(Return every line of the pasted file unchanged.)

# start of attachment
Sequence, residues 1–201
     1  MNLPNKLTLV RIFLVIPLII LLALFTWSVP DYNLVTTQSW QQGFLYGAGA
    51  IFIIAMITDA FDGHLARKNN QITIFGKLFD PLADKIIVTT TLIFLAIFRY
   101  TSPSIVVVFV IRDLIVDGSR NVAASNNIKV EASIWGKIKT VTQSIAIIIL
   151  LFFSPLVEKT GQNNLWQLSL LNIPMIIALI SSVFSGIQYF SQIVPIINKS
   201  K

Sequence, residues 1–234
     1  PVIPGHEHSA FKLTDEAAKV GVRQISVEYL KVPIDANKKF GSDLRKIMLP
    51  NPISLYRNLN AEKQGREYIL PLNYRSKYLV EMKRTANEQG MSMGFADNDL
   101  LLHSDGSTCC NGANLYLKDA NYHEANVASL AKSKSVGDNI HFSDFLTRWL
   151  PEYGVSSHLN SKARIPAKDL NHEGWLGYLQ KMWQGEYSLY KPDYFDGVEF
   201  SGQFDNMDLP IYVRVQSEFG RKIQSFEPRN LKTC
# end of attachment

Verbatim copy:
Sequence, residues 1–201
     1  MNLPNKLTLV RIFLVIPLII LLALFTWSVP DYNLVTTQSW QQGFLYGAGA
    51  IFIIAMITDA FDGHLARKNN QITIFGKLFD PLADKIIVTT TLIFLAIFRY
   101  TSPSIVVVFV IRDLIVDGSR NVAASNNIKV EASIWGKIKT VTQSIAIIIL
   151  LFFSPLVEKT GQNNLWQLSL LNIPMIIALI SSVFSGIQYF SQIVPIINKS
   201  K

Sequence, residues 1–234
     1  PVIPGHEHSA FKLTDEAAKV GVRQISVEYL KVPIDANKKF GSDLRKIMLP
    51  NPISLYRNLN AEKQGREYIL PLNYRSKYLV EMKRTANEQG MSMGFADNDL
   101  LLHSDGSTCC NGANLYLKDA NYHEANVASL AKSKSVGDNI HFSDFLTRWL
   151  PEYGVSSHLN SKARIPAKDL NHEGWLGYLQ KMWQGEYSLY KPDYFDGVEF
   201  SGQFDNMDLP IYVRVQSEFG RKIQSFEPRN LKTC